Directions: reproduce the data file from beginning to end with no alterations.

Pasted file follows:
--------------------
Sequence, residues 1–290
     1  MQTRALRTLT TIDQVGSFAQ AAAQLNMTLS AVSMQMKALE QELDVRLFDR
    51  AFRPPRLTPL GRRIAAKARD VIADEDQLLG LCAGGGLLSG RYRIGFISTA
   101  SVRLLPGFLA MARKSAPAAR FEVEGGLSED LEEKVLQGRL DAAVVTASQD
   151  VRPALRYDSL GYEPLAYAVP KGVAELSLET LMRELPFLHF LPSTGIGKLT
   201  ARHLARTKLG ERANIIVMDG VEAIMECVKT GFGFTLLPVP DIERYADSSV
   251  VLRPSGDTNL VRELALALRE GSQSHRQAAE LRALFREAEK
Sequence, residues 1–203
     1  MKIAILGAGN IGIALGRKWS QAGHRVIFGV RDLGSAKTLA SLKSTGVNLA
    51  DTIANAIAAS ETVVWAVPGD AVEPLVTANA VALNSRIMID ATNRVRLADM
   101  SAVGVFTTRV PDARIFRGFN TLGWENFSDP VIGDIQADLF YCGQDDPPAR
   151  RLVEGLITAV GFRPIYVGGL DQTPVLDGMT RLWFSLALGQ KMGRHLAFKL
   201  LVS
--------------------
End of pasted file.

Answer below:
Sequence, residues 1–290
     1  MQTRALRTLT TIDQVGSFAQ AAAQLNMTLS AVSMQMKALE QELDVRLFDR
    51  AFRPPRLTPL GRRIAAKARD VIADEDQLLG LCAGGGLLSG RYRIGFISTA
   101  SVRLLPGFLA MARKSAPAAR FEVEGGLSED LEEKVLQGRL DAAVVTASQD
   151  VRPALRYDSL GYEPLAYAVP KGVAELSLET LMRELPFLHF LPSTGIGKLT
   201  ARHLARTKLG ERANIIVMDG VEAIMECVKT GFGFTLLPVP DIERYADSSV
   251  VLRPSGDTNL VRELALALRE GSQSHRQAAE LRALFREAEK
Sequence, residues 1–203
     1  MKIAILGAGN IGIALGRKWS QAGHRVIFGV RDLGSAKTLA SLKSTGVNLA
    51  DTIANAIAAS ETVVWAVPGD AVEPLVTANA VALNSRIMID ATNRVRLADM
   101  SAVGVFTTRV PDARIFRGFN TLGWENFSDP VIGDIQADLF YCGQDDPPAR
   151  RLVEGLITAV GFRPIYVGGL DQTPVLDGMT RLWFSLALGQ KMGRHLAFKL
   201  LVS